This morning bright Jupiter is to the upper right of Saturn and Mars. The Red Planet 1.2° to the lower right of the Ringed Wonder. Jupiter is 6.4° to the upper right of Saturn. In the starfield, Jupiter is 1.7° to the lower right of 56 Sagittarii.
For more about tomorrow’s conjunction, click here.
Brilliant Venus shines brightly in the west this evening. It is 10.4° to the lower right of Alcyone, the brightest star in the Pleiades. Each evening Venus moves closer to the cluster. Venus passes the Pleiades on April 3. On March 28, the moon joins the scene.
For more about Venus as an Evening Star, visit this page.
See the moon and 5 planets – Mercury, Venus, Mars, Jupiter, and Saturn before sunrise on July 19, 2020.
Forty-five minutes before sunrise, the crescent moon and five planets are visible curved across the morning sky on July 19, 2020. Find a spot with clear horizons in the east-northeast and the southwest. A binocular may help finding the moon, Mercury, and Jupiter.
Here’s what to look for:
Brilliant Venus blazes in the eastern sky. The star Aldebaran is nearby.
The crescent moon, 28.2 days past the New Moon phase and only 1% illuminated, is very low in the east-northeast. This is where the binocular might help.
Mercury is to the right of the moon, about 5°. Make a fist and stretch your arm. Five degrees is about the distance from your thumb knuckle to your pointer finger knuckle. A binocular will help here as well. Can you see Mercury without the binocular once you find it?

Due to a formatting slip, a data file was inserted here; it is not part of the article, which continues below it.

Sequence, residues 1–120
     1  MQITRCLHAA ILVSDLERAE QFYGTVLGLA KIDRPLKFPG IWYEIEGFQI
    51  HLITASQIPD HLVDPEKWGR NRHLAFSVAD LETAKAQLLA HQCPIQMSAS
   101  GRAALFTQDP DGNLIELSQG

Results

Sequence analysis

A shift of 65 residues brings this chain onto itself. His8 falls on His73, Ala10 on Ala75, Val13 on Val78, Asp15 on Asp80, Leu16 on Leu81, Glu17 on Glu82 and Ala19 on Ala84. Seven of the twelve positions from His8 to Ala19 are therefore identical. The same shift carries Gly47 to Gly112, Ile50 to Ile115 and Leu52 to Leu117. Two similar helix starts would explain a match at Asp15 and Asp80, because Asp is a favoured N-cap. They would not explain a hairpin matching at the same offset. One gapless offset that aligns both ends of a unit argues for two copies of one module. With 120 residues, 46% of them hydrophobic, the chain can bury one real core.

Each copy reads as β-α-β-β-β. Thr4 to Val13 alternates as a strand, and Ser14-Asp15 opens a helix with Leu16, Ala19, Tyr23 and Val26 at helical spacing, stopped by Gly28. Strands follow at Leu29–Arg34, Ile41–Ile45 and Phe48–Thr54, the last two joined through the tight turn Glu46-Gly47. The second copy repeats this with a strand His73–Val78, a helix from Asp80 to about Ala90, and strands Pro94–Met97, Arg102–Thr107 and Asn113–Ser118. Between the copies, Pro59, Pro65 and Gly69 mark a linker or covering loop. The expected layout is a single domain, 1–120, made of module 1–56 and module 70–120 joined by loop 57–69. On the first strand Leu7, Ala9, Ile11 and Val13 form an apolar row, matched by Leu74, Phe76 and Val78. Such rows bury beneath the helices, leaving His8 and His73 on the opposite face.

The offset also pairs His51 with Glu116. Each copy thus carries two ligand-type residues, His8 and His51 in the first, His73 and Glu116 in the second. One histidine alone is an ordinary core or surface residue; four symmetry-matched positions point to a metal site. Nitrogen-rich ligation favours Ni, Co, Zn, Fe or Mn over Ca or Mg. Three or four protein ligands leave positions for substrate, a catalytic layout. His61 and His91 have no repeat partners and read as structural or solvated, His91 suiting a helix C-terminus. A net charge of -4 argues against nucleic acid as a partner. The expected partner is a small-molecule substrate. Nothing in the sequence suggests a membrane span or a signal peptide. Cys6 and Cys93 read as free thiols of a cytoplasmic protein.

Bright Mars, not as brilliant as Venus is the “star” that’s about halfway up in the sky in the south-southeast.
Jupiter – brighter than Mars, but low in the sky – is just above the horizon in the southwest.
Saturn, dimmer than Jupiter, is about 7° to the upper left of the Giant Planet. Both appear to our eyes as “stars.” Their separation is a little more than the knuckle to pointer distance described above. Don’t confuse Saturn with the star Fomalhaut, farther south, but at about the same altitude as Saturn.
Five planets and the crescent moon are in the sky at one time! During the next few mornings five planets are visible, but without the moon. Additionally, Jupiter is quickly leaving the sky. So on successive mornings, look 3-4 minutes earlier each day. You may catch them in the sky until about July 25.
Jupiter and Saturn are headed toward their Great Conjunction on December 21, 2020. Look for them low in the southeast during the early evening hours of July and August 2020.
The three Bright Outer Planets – Jupiter, Saturn, and Mars – are found in the southeastern pre-sunrise sky throughout April 2020. Jupiter continues its approach to Saturn for the Great Conjunction of December 21, 2020.
For more about the Great Conjunction of Jupiter and Saturn, click here.
Click here for our detailed notes for the planets during April 2020.
The three worlds look like bright stars to our eyes. Jupiter is the brightest of the planetary trio. Saturn and Mars are nearby, to Jupiter’s lower left.
One hour before sunrise, bright Jupiter is nearly 19° up in the southeast. Saturn and Mars are one day past their conjunction. Mars is 1.0° to the lower left of Saturn and the Ringed Wonder is 6.2° to the lower left of Jupiter. The planetary trio spans 6.7°. Watch the span grow about 0.6° each day. To view the trio this close, you’ll have to wait 20 years. By month’s end the BOPs span over 24° as Mars marches eastward.